More broadly, the decision to impose tariffs on the basis of national security carries grave risks for the international trading system. Foreign governments could, and probably will, challenge these tariffs at the World Trade Organization. However, there is a broad and vaguely worded exception for security issues in WTO rules, which gives a lot of deference to governments who invoke this justification. As a result, the U.S. might be able to avoid a WTO ruling against it.
But a win in such a case could lead to a much broader loss for the trading system. If the U.S. invokes national security here, on such a flimsy basis (the U.S. still produces a lot of steel and aluminum, and many imports come from trusted alliessuch as Canada, South Korea and Mexico), other countries are likely to follow suit and copy this approach.
Governments are constantly looking for a rationale to justify their protectionism. To date, everyone has generally avoided the open ended loophole of “national security” as a justification. But with the U.S. having opened the door, other governments may decide to rush through. We may spend the next few years fighting off a proliferation of trade restrictions justified as national security measures.
President Trump seems to truly believe in his cause, and it may take actual implementation and subsequent failure of a protectionist trade policy to cure him of his misconceptions. Nevertheless, there is still time to push back. As of right now, these tariffs are just words. Trump said some things, but no action has been taken. As a result, it is worth it for everyone to make their case against these actions.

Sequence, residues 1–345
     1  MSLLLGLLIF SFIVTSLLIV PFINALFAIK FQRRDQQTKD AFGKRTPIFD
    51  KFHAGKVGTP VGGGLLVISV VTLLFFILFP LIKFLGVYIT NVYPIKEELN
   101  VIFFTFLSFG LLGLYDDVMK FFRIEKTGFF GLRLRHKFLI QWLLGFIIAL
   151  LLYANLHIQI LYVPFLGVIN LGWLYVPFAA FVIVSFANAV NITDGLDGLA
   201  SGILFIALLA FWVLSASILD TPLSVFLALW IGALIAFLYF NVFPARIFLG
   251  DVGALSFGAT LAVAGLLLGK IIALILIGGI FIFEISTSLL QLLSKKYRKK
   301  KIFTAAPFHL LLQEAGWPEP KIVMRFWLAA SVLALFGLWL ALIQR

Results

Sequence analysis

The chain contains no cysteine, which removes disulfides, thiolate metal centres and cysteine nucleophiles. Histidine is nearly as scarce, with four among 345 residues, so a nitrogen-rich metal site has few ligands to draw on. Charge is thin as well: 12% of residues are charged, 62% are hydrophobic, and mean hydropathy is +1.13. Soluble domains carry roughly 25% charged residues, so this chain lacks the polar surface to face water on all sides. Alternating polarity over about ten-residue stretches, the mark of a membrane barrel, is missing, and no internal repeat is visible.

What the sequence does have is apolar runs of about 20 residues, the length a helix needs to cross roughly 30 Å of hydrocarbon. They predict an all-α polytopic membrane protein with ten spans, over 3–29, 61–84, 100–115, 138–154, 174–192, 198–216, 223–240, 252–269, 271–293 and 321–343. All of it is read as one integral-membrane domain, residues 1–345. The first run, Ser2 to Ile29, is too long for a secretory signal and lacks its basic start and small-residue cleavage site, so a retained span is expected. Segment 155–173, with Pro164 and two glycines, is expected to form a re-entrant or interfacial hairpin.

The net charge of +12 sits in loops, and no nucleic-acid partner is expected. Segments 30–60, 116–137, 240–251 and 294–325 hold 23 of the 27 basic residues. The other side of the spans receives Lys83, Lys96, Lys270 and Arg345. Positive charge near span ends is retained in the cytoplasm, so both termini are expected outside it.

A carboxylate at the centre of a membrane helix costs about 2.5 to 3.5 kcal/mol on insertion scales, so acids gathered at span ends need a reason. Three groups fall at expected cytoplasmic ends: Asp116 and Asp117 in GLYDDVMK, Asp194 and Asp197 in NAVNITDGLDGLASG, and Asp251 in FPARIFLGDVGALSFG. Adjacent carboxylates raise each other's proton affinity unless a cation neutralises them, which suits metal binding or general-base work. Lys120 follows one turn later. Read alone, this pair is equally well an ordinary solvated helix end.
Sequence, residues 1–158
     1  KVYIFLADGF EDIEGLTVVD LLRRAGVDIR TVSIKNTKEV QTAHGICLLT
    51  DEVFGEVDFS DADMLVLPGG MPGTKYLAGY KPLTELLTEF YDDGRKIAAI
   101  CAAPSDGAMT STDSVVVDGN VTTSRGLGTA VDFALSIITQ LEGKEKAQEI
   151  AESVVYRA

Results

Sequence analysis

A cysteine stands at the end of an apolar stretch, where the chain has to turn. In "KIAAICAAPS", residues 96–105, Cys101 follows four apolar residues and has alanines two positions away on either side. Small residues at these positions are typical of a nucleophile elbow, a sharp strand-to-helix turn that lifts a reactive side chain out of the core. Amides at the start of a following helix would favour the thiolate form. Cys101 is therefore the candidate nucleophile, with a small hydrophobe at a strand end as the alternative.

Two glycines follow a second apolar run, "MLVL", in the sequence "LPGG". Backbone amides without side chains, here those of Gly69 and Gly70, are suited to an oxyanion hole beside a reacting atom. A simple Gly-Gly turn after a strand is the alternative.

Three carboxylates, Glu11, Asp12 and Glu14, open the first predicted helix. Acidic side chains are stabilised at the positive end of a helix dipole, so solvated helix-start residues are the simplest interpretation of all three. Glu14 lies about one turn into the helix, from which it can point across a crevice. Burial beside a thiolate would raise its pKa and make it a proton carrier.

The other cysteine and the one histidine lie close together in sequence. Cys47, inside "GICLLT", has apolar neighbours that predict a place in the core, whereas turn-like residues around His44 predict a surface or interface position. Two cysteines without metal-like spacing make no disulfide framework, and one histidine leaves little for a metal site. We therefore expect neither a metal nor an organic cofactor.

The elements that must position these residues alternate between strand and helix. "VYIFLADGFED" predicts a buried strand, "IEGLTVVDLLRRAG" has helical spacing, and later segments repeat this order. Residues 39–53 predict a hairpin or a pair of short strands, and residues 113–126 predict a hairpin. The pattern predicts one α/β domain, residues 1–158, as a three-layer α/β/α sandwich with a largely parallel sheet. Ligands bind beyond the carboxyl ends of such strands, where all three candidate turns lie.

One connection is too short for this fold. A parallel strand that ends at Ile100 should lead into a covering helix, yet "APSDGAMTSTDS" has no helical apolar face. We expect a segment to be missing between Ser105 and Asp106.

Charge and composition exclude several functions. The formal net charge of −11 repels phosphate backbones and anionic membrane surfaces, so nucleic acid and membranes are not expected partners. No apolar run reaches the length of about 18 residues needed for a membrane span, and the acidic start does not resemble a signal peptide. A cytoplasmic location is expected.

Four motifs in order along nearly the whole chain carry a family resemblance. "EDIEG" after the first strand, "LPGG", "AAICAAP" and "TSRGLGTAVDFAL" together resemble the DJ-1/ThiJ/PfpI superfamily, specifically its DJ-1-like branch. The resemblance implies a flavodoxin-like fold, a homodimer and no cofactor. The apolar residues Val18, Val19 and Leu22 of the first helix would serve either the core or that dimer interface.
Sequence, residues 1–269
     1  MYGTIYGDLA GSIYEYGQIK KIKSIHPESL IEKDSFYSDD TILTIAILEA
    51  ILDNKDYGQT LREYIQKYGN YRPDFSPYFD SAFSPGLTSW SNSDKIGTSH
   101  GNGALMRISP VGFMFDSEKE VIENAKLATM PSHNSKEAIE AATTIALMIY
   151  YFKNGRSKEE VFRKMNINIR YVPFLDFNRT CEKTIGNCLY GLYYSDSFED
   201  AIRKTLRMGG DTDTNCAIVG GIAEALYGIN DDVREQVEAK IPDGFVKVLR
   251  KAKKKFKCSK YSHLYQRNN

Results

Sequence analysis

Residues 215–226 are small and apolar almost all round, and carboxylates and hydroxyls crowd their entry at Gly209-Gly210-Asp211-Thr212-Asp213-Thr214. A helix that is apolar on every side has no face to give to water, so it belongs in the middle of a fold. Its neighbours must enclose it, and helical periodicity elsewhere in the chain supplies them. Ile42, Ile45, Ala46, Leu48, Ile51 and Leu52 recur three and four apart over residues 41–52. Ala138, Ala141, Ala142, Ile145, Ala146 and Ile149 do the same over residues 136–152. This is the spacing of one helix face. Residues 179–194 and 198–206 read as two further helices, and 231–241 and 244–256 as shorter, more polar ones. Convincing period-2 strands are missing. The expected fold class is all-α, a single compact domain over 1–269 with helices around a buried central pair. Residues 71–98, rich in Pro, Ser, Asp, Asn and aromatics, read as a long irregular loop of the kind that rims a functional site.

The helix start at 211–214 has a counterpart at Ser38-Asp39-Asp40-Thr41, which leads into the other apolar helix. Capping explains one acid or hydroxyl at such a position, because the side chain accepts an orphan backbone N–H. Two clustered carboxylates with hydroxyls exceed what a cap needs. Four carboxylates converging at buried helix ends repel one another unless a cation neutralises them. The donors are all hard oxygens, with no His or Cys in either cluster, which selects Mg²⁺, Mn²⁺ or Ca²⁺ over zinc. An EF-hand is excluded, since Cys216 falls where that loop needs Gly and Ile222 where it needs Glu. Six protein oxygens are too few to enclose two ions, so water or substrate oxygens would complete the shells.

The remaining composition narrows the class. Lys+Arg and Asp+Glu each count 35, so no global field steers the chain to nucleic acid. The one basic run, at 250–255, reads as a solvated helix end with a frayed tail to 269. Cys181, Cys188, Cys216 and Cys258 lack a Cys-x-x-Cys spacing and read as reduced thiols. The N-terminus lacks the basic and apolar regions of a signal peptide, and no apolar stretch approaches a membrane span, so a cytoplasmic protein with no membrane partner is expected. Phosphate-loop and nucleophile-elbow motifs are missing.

Other governments can make clear to the Trump administration how serious they are by announcing possible retaliatory measures now. Congress can assert its constitutional power over trade, through direct communication with the White House, and even through legislation designed to take back some power it had previously delegated to the executive branch. And the broader business community needs to make clear to the administration how badly it could be hurt by this.
There has been lots of talk of “trade wars” recently. This may be the start, but let’s keeping fighting for peace nonetheless.